A few months back I wrote a late night rambly post about the invention and experimentation that was such a part of my experience at Brandcenter, and how I’ve missed that during my time in agencies. I then ended by vowing to finish Code Academy (of which I’ve made a serious dent), threatening to take up Arduino (which hasn’t even nearly come close to happening), then hastily deleting the post as it was sort of whiny and uninteresting.
A month later, there was a contest launched at my office to see who could create the spreadable idea that spread the most. They used the word viral more than I would’ve liked, but they know not what they do.
Phil and I came up with something that we thought was simple, incentivized participation, brought people together around their own ideas, and required such a tiny level of technical know how that we could get everything produced quickly and easily by calling in a few favors.
Our idea was called the Five Dollar Friendship Stimulus. It lasted for about a month, and considering the time frame and that we didn’t have any air-cover in the form of paid media or major earned coverage, it did OK. Nick Denton served as one of the judges for the contest. He seemed to like it but thought we should’ve pitched it to political blogs to try and ride the politico snake for moar hits. But what does he know about the Internet?
A lot of people liked it and had fun with it. Other people were suspicious of why we were doing it and where we got the money, still others were paralyzed into not submitting ideas by over-thinking things and waiting for the perfect response, and still others were more interested in passing along the idea itself than in participating.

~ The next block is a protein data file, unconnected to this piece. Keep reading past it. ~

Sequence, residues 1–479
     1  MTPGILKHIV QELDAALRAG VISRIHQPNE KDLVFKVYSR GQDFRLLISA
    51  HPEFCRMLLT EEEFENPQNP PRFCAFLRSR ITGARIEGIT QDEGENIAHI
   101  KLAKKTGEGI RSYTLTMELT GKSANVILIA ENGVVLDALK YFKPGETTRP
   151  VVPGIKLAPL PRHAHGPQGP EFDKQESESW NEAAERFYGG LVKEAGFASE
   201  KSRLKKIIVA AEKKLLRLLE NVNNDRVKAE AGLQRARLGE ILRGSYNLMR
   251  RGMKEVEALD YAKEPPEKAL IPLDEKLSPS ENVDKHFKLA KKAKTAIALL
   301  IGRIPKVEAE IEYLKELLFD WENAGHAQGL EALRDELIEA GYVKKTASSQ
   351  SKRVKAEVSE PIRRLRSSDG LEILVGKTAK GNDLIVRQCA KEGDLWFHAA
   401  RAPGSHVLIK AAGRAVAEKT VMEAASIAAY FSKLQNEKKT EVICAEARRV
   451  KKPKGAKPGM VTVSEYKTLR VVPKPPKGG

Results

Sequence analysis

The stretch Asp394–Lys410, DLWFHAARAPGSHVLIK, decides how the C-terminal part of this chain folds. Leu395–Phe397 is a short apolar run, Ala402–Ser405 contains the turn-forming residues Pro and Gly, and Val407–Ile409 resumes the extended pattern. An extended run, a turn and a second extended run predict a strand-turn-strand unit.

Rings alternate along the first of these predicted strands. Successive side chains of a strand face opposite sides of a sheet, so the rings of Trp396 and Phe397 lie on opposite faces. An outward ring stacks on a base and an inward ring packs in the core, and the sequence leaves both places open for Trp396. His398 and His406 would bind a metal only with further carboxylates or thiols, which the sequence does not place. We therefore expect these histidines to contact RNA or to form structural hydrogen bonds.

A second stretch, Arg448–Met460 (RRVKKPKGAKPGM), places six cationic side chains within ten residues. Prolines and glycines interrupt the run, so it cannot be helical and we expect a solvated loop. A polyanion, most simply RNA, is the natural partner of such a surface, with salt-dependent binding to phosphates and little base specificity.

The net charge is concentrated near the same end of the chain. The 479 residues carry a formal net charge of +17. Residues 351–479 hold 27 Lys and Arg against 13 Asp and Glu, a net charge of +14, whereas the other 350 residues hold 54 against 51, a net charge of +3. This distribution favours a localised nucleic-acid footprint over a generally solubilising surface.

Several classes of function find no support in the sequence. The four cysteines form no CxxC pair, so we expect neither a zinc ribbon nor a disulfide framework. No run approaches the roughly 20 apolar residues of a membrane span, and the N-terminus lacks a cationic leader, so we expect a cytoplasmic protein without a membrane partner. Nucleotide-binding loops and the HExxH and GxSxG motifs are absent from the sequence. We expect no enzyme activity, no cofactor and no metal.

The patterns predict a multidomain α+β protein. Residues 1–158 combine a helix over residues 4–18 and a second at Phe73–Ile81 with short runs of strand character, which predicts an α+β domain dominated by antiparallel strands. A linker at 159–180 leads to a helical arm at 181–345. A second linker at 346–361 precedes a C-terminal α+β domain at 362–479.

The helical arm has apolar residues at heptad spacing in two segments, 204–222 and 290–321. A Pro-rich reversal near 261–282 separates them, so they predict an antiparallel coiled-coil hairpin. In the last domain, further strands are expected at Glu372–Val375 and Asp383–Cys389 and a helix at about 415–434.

But at the end of the day it was hugely useful to not only get more experience assembling ideas like this, but also in seeing what worked and what didn’t, so naturally I’d like to see more of this sort of thing.
People often say that porn and sites like www.tubev.sex are what drives innovation in technology, but I disagree. Don’t get me wrong, I think sites like that are great and they do drive technology forward, but I think that video game development is going to continue to be more and more a technology incubator … especially as more money and research is thrown towards gaming innovation.
Traditionally, gaming has been focused on physical interactions like jumping and shooting, because that was the only way to make a game dynamic enough to enable interesting gameplay. However, as technology has continued to become better at handling complex interactions, and game developers have become frustrated with the scripted dialog trees that govern the behavior of most non-player characters in games, a number of game devs have begun shifting their attention towards pushing the social physics of gaming to a point where social interactions can become a dynamic, playable experience.
A group of PhD students at UCSC (I think?) has spent the last two years working on a game completely based on social interactions: Prom Week.
Prom Week is a social simulation game where the player shapes the lives of a group of highschool students in the most dramatic week of their highschool career.
Basically the idea is to figure out how to manipulate the non-player characters in the game in order to achieve goals. The character’s designs and reactions are the output of over 5,000 social considerations.